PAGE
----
# Exception... Calculator

I am practicing on some problems. I have attached the code FYI.

I don't want code solution rather some discussion and direction you may have for me. With Exception there are so many different way of handling errors I suppose. I want to discuss different approaches.

In the attached code user supplies (from prompt line):
6 + 3
6 -3
6 "*" 3
6 / 3

to get 9, 3, 24, and 2, respectively.

Possible pitfalls are:

1. If there are not exactly 3 parts (operand1, operator, and operand2) available.
(like 2 +, 2+4 where 2 + 4 is expected, 4 + 3 - 3, etc.)

2. agrs[0] and/or args[2] are not numeric.

3. operators are something other than +, -, *, or /

4. In the case of division, args[2] is non zero.

Possible solutions:

A. Write a separate exception class to implement in Calculator class.
B. Write a method for each of the four items (in the Calculator class) where each method checks on of the 4 items and throws an exception.
C. Write one method (in the Calculator class) to check each of the four items above to throw an exception.
(not as good as B I guess)

D. Or, just add try/catch in the body of the existing Calculator class given below.

Please comment on each of the above methods. Any advantages or disadvantages. Please no links unless you have to.

Thank you.

``````public class Calculator {

public static void main(String[] args) {

DecimalFormat df=new DecimalFormat("0.##");

if (args.length !=3) {
System.out.println(
"Usage: java Calculator operand1 operator operand2\n");

System.exit(0);
}

double result=0;

switch (args[1].charAt(0)){
case '+': result=Double.parseDouble(args[0]) +
Double.parseDouble(args[2]);
break;
case '-': result=Double.parseDouble(args[0]) -
Double.parseDouble(args[2]);
break;
case '*': result=Double.parseDouble(args[0])*
Double.parseDouble(args[2]);
break;
case '/': result=Double.parseDouble(args[0]) /
Double.parseDouble(args[2]);
}

System.out.print(df.format(Double.parseDouble(args[0]))+' '+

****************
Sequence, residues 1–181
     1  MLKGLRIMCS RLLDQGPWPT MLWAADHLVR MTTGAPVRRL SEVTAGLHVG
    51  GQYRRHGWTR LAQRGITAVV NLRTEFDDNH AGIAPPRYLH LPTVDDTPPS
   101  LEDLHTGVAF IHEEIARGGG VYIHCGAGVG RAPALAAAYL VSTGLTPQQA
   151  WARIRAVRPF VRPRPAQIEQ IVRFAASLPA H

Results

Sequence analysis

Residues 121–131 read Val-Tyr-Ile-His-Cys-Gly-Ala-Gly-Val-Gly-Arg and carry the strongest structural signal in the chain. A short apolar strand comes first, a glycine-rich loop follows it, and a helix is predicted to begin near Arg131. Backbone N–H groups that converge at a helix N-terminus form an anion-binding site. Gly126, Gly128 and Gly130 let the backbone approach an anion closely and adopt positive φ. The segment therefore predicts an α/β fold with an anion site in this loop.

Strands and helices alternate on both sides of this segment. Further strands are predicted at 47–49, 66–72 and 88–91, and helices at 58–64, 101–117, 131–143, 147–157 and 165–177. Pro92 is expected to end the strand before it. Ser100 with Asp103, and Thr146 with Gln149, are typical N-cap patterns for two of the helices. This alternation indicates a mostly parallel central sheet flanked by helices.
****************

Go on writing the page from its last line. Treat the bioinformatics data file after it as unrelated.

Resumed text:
(args[1])+' '+
df.format(Double.parseDouble(args[2]))+" = "+
result+"\n");

}
}
``````
Java

Last Comment
for_yan
for_yan

You want to throw exception rather than deal with therror and write a message
in case your method is supposed to be used by ither people fior calling in theier
programs (or by youerslef form diffferent classes) then exception will help you in a sens that you can defere
handling the stuation oto the calling calss/method
If you are writing this methiod for this particular application I'd
rather not throw exceptions
themrrobert

Probably use strtok() to separate the strings by spaces and or the operators.
http://www.cplusplus.com/reference/clibrary/cstring/strtok/

Then you can iterate through the array knowing the 3 parts are good, and you can count the number of elements to make sure you have the appropraite # of parts before calculating/

Another way to go would be regex, but this is far more complicated and slower
for_yan

My preference would rathe nbe to write one method vaklidateInput() in the very beginning
for_yan

You would call validateInput it in the very beginning send args[] as aparameter
and then go through all those cases you outlined
and make up the error mesage appropriate for each case
for_yan

I would even make message "concatenable" as you go through all casees of checking - you concatenate
error message. And then I'd return String from that method back to your
calling code
and then I'd check if this is just empty string "" - then you go forward and find and print result
Otherwise - you just printe this error message
for_yan

I would do something like that:
(I use your previous code and do not write out the particular conditions -
this just shows the general scheme of things):

``````public class Calculator {

public static String validateInput(String [] ss){
String message = "";
//       if(...){
//            message += " No oprator in the second postion;";
//      }
//       if(...){
//            message += " Too many operands";
//      }

return message;
}
public static void main(String[] args) {

String sMessage = validateInput(args);

if(sMessage.trim().length() != 0){

System.out.println(" error in input : " + sMessage);
System.out.println(
"Usage: java Calculator operand1 operator operand2\n");

}

for(String s: args){
System.out.println(s);
}

if (args.length !=3) {
System.out.println(
"Usage: java Calculator operand1 operator operand2\n");

System.exit(0);
}

int result=0;

if(args[1].equals("\\\\*"))args[1]= "*";
System.out.println(args[1].charAt(0));

switch (args[1].charAt(0)){
case '+': result=(int) Double.parseDouble(args[0]) +
(int) Double.parseDouble(args[2]);
break;
case '-': result=Integer.parseInt(args[0]) -
Integer.parseInt(args[2]);
break;
case '*': result=(int)Double.parseDouble(args[0])*
(int) Double.parseDouble(args[2]);
break;
case '/': result=Integer.parseInt(args[0]) /
Integer.parseInt(args[2]);
}

System.out.print(args[0]+' '+ args[1]+' '+args[2]
+" = "+result+"\n");
}
}
``````
for_yan

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for_yan

Of course first you check more general conditions
and of they are not satisfied return your error meassaeg immedaitely without goiing to more
special

So if you have not three arguments - you don't want to check for anything else

if you have three arguments but seciond is not a +,-/*
you don't want to check for operands

and in the last thing  if your operand is division check for args[2] not to be zero
Java

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